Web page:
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Making your new painting old

Items that you have decorated by painting may actually become family heirlooms and why not, after the love and care you put into painting it, right? It may actually get a chance to look really old like an heirloom should be or, you can actually make it look old, like an heirloom, right now!

One of the most popular techniques decorative painters use to give an item an aged look is crackling.

Crackled pallette with roses

I crackled this wooden palette then painted a roses design over it. You can also use a crackling effect on parts of an item only e.g. the sides of a box or the edges of a plate. You can even crackle the whole project without painting any design if that’s what you want.

The basic steps for crackling are :

  1. Basecoat the surface as you would normally do for a painting project. Let it dry.
  2. Apply an even coat of crackle medium with a large flat brush and let it dry until “tacky” – see what your medium instructions say. It could be 20 to 60 minutes.
  3. Apply the contrasting topcoat of paint – as this paint dries, your cracks will develop and show the basecoat colour.
  4. Leave to dry for 1 – 2 weeks before sanding and varnishing or painting over it.

Depending on how much top coat paint you use and which way or how you apply the paint, you can achieve different looks:

  • Apply a thin layer of paint over the crackle medium – and the result is fine cracks.
  • Apply a thick layer of paint – you get large, bold cracks.
  • If you brush the top coat in one single direction, you will get cracks going horizontally or vertically in that direction.
  • If you brush the top coat using a “slip slap” or criss-cross direction, you will get cracks going in various directions.

If you have never crackled before, you might find it a bit daunting at first because you’ll probably have read that with crackling, sometimes you get what you want, and sometimes, it just doesn’t happen. No matter what you do. Its true that there are so many different variables that affect the outcome of crackling from the paint you use, to the crackling medium, even the humidity around you!

The best thing to do is “play” – practise crackling on different surfaces, using difference mediums, in different environments and develop your experience.

You will find useful tips for crackling here in the Artezan website.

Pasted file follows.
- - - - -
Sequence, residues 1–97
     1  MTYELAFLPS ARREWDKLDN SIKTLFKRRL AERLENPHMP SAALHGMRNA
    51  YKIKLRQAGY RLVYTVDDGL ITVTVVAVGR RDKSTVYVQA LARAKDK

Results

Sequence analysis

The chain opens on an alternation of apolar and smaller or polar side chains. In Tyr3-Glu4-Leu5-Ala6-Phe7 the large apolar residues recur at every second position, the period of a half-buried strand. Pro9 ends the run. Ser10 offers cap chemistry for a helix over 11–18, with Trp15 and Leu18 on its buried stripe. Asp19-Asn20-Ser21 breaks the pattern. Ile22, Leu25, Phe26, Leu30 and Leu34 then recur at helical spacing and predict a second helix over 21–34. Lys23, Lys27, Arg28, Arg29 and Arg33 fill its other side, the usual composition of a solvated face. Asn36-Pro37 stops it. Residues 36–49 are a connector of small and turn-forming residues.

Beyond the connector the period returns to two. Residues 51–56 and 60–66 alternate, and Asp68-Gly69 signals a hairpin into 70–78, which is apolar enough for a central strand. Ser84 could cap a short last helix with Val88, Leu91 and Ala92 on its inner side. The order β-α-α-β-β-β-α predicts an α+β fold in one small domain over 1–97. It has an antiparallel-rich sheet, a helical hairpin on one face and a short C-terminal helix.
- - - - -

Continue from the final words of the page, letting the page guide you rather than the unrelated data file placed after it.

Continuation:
Antiquing…first you paint it, then you age it!

Sometimes newly painted projects look, well, too new. One of the ways in which we make them look like heirlooms is to age them and there many different ways of doing this – "antiquing" being an example.  Antiqued Fruits Placemat

Antiquing also adds depth and warmth to a design.

There are many ways to antique a project and most of you have learnt one of them – oil-based antiquing, where we used oil paint and lean medium.

You can also antique a project using a water-based technique. Here is how you can do it quite easily.

BEFORE YOU START – dry your painted project completely and apply a coat of Jo Sonja’s Clear Glaze Medium to protect your painting. Leave your project to sure for at least three days before doing any water-based antiquing.

° Use any acrylic colour – raw umber if you want a sepia look, a darkish green if you want to add a green glow to your project, burgundy if your project is painted in pinks and purples – “play” and discover what appeals to you. If you liked what you did in oil-based antiquing, stick to burnt umber.

° Using a ¾” or 1” flat brush, mix a little of the paint with Jo Sonja’s Retarder and Antiquing Medium. Apply a thin, even coat to your painted project. You must be able to see the design through the colour. If you can’t see your design, you’ve probably put too much paint. Add retarder to the surface and smooth it out.

° Wet a sponge, squeeze all the water out and start removing some of the colour starting at the centre of the design, moving outwards. Leave the edges dark. Use a dabbing movement – the sponge will pick up the paint. Dab the sponge on a piece of paper towel to remove the paint you pick up. Continue until you’re satisfied with the distribution of colour.

° Using a mop brush, smooth the surface using a light touch.

° The retarder will keep the paint wet for some time, so if you don’t like the results, use a clean sponge, wipe it all off and start again. If you like it, use a hairdryer to fast dry the surface and leave it for at least a week before varnishing.

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